Cost-effectiveness of childhood cancer treatment in Egypt: Lessons to promote high-value care in a resource-limited setting based on real-world evidence
Soliman R., Oke J., Sidhom I., Bhakta N., Bolous NS., Tarek N., Ahmed S., Abdelrahman H., Moussa E., Zamzam M., Fawzy M., Zekri W., Hafez H., Sedky M., Hammad M., Elzomor H., Ahmed S., Awad M., Abdelhameed S., Mohsen E., Shalaby L., Eweida W., Abouelnaga S., Elhaddad A., Heneghan C.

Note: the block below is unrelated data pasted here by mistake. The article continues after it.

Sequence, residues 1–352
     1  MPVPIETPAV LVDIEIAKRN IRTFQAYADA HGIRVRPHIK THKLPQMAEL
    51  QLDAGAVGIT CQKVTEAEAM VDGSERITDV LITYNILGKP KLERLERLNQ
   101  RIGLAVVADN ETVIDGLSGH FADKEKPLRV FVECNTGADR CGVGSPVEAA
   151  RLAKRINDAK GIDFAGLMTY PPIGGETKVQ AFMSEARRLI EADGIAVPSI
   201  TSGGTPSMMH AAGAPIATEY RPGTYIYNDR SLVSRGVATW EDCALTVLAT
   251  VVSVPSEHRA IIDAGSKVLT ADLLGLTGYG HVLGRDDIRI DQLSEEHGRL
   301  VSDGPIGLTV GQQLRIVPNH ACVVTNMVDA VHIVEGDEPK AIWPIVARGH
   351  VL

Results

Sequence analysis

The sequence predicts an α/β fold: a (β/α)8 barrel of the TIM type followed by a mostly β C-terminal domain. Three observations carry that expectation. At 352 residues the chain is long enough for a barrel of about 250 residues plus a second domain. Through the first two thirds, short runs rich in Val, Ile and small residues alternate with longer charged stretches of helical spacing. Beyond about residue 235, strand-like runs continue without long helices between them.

Background: Childhood cancer in low-and middle-income countries is a global health priority, however, the perception that treatment is unaffordable has potentially led to scarce investment in resources, contributing to inferior survival. In this study, we analysed real-world data about the cost-effectiveness of treating 8886 children with cancer at a large resource-limited paediatric oncology setting in Egypt, between 2013 and 2017, stratified by cancer type, stage/risk, and disease status. Methods: Childhood cancer costs (USD 2019) were calculated from a health-system perspective, and 5-year overall survival was used to represent clinical effectiveness. We estimated cost-effectiveness as the cost per disability-adjusted life-year (cost/DALY) averted, adjusted for utility decrement for late-effect morbidity and mortality. Findings: For all cancers combined, cost/DALY averted was $1384 (0.5 × GDP/capita), which is very cost-effective according to WHO–CHOICE thresholds. Ratio of cost/DALY averted to GDP/capita varied by cancer type/sub-type and disease severity (range: 0.1–1.6), where it was lowest for Hodgkin lymphoma, and retinoblastoma, and highest for high-risk acute leukaemia, and high-risk neuroblastoma. Treatment was cost-effective (ratio <3 × GDP/capita) for all cancer types/subtypes and risk/stage groups, except for relapsed/refractory acute leukaemia, and relapsed/progressive patients with brain tumours, hepatoblastoma, Ewing sarcoma, and neuroblastoma. Treatment cost-effectiveness was affected by the high costs and inferior survival of advanced-stage/high-risk and relapsed/progressive cancers. Interpretation: Childhood cancer treatment is cost-effective in a resource-limited setting in Egypt, except for some relapsed/progressive cancer groups. We present evidence-based recommendations and lessons to promote high-value in care delivery, with implications on practice and policy. Funding: Egypt Cancer Network; NIHR School for Primary Care Research; ALSAC.